Pair of Terracotta Boots, c.900 B.C., Terracotta
The Museum of the Ancient Agora, Athens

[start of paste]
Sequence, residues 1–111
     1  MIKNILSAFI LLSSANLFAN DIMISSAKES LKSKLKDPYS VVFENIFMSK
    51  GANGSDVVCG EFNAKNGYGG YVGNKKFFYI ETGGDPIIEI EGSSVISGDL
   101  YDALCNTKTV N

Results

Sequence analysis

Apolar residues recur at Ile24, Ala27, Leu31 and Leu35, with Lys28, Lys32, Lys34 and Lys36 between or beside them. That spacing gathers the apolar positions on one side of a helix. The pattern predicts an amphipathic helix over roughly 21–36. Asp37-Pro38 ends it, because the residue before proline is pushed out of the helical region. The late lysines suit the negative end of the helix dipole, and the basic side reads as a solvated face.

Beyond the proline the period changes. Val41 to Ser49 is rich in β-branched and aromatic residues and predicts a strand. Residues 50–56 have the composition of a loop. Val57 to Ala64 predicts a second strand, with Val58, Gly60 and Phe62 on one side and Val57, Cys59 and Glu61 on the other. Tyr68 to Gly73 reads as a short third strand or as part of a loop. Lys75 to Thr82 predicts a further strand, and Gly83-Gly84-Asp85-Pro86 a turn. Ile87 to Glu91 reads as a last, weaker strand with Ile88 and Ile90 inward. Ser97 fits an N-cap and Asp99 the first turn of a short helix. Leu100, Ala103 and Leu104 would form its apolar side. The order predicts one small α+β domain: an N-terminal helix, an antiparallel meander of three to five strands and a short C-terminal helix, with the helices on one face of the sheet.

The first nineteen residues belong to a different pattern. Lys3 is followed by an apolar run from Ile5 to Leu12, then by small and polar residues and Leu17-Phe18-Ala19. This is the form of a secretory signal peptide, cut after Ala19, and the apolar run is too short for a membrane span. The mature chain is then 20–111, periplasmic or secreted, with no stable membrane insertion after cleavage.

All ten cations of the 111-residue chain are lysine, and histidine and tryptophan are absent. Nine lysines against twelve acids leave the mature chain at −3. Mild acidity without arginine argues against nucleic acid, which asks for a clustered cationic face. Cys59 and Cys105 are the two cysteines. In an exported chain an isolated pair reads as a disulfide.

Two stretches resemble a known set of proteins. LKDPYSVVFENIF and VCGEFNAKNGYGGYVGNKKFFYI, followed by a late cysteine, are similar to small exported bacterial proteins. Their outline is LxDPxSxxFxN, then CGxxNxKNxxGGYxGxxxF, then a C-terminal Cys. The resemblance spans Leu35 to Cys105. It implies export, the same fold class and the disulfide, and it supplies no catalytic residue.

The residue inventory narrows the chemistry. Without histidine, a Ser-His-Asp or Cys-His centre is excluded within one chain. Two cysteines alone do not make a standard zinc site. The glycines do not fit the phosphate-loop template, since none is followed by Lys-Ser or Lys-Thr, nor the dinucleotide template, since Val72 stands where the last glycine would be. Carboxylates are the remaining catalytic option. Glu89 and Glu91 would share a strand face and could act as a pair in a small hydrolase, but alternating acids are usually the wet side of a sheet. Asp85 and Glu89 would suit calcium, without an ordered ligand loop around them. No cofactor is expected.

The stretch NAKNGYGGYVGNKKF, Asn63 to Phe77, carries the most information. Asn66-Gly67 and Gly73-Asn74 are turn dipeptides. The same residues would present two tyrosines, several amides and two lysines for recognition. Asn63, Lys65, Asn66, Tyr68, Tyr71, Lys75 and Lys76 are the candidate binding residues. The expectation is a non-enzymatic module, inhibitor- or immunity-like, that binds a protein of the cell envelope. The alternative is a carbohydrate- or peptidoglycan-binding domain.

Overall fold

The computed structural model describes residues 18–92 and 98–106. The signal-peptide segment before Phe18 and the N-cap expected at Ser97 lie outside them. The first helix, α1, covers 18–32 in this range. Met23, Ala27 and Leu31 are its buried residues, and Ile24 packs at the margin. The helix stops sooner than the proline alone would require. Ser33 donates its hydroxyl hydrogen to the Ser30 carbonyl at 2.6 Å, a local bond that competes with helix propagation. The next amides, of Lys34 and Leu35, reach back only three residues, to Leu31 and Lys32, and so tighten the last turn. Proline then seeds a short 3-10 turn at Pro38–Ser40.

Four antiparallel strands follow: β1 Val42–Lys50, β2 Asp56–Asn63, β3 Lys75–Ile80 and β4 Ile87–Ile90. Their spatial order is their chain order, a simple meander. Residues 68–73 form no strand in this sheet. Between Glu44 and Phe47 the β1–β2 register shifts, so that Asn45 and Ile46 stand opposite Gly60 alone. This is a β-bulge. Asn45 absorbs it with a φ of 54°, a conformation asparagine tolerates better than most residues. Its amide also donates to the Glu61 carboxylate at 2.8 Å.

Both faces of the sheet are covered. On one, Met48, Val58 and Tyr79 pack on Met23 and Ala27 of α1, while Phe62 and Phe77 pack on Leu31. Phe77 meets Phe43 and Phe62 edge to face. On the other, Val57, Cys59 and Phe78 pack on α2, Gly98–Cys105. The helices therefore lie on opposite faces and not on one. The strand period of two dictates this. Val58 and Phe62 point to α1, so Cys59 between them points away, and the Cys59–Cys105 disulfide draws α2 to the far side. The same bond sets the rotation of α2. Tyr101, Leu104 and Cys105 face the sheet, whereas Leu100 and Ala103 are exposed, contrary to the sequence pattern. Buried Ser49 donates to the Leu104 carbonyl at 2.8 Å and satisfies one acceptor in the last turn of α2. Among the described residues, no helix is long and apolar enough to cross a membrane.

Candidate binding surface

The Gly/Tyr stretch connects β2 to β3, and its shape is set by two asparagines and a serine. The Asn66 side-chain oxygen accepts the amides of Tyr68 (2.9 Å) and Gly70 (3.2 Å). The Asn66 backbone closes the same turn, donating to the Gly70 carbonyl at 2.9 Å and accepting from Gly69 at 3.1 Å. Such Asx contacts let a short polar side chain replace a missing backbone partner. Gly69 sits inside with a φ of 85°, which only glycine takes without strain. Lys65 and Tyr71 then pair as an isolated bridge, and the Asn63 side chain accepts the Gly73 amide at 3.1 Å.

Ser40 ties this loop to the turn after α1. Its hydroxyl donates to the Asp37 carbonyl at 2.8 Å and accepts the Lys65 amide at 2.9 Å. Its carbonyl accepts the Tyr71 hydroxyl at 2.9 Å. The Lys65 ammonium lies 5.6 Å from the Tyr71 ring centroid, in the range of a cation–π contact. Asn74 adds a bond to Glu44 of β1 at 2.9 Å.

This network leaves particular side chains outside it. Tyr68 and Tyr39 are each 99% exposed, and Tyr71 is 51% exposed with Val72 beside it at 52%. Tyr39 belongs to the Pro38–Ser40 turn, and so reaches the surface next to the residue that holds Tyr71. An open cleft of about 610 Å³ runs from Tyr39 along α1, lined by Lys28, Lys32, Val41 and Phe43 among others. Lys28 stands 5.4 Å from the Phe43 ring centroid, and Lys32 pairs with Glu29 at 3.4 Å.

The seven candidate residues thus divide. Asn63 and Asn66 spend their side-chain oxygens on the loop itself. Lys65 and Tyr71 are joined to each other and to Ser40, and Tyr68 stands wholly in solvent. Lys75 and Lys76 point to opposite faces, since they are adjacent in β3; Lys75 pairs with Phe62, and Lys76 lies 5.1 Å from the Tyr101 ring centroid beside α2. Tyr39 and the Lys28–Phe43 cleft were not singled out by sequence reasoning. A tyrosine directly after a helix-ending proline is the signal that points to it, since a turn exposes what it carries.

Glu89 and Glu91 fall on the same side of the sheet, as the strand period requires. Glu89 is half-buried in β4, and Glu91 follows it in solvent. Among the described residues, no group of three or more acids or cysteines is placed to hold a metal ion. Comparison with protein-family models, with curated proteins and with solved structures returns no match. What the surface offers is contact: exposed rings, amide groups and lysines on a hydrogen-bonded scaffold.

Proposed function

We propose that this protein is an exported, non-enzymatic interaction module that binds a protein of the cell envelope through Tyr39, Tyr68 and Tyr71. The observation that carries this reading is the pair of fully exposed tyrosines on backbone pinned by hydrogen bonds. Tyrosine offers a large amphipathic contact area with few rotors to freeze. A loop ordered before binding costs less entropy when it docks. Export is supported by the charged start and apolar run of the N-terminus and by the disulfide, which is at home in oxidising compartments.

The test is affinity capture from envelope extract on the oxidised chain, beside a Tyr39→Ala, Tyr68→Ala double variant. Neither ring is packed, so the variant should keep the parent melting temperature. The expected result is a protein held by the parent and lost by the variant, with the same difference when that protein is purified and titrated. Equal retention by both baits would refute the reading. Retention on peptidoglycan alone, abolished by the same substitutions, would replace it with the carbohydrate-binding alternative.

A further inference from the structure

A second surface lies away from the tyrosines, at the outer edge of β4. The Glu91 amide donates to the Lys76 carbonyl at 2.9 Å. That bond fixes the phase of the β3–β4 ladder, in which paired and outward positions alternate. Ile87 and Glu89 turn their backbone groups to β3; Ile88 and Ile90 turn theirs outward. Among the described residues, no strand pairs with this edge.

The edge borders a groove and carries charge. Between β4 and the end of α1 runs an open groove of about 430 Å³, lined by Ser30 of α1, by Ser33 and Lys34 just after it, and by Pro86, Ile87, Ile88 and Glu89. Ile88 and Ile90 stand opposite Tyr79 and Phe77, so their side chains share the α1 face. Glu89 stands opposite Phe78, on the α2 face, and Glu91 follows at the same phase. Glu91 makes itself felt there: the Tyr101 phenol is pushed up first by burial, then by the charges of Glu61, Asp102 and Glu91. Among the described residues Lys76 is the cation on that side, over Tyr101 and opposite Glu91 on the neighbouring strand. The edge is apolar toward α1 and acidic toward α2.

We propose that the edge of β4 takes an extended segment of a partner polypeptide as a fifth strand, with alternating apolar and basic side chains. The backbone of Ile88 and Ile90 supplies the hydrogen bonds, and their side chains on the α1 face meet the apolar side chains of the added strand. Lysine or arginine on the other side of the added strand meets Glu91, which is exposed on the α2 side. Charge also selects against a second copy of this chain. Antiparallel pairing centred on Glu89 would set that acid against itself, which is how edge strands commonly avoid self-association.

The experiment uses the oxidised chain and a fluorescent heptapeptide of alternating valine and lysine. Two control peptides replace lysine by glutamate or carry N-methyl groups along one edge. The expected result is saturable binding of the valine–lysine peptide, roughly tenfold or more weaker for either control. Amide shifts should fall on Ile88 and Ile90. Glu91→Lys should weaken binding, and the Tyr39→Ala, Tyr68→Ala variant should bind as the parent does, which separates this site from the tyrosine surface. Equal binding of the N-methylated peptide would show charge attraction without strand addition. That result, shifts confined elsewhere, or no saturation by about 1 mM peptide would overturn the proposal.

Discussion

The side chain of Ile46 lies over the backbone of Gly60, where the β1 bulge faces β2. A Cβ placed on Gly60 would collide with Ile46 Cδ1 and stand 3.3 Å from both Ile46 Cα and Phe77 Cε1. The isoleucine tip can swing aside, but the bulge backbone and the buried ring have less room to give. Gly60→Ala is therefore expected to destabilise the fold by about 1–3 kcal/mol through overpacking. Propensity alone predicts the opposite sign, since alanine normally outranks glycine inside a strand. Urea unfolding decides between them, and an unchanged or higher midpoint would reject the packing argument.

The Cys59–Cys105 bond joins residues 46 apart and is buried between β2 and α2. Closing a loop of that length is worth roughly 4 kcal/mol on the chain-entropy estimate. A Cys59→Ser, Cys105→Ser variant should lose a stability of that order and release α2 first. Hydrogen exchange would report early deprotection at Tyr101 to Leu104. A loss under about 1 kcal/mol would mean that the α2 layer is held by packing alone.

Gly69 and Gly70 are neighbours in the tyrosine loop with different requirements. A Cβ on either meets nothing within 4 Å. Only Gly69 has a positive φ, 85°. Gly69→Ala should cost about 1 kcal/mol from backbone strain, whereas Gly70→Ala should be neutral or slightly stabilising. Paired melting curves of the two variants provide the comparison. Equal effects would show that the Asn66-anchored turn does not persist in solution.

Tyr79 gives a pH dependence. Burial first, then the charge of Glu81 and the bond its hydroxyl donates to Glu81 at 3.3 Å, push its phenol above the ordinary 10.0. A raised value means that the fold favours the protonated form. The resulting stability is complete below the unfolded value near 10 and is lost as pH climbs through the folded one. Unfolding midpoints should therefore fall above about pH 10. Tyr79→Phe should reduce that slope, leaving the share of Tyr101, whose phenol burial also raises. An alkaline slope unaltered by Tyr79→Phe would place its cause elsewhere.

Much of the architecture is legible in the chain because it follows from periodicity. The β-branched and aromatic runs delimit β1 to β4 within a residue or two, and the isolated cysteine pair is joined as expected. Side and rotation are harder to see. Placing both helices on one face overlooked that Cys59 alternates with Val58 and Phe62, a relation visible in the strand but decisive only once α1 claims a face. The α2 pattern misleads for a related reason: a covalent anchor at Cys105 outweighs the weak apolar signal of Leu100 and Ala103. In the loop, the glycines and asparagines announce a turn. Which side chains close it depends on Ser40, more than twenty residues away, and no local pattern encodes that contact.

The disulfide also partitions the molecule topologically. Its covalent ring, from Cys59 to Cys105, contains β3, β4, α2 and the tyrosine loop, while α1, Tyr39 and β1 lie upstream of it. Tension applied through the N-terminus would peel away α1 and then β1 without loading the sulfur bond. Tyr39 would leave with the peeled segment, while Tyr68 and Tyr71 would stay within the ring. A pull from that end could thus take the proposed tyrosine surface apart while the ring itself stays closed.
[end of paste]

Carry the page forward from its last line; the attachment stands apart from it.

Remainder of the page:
We're finishing off our week-long survey of Dark Age Greece with a wonderfully suggestive object – one that literally allows us to step into the shoes of the people of the ancient world. It's a pair of terracotta boots from almost three thousand years ago. Preserved in an early geometric period cremation of a woman in the agora, Athens, they provide us with a rare glimpse into Dark Age clothing, the perishable fabric of which does not often survive in the archaeological record. The thick soles, rounded toes, open front (which would most likely have been laced), flaring high sides and the pattern marked over the instep all seem to describe a specific type of boot that might have been worn in the 9th century BCE – and yet, to us today, it doesn't look all that unfamiliar at all.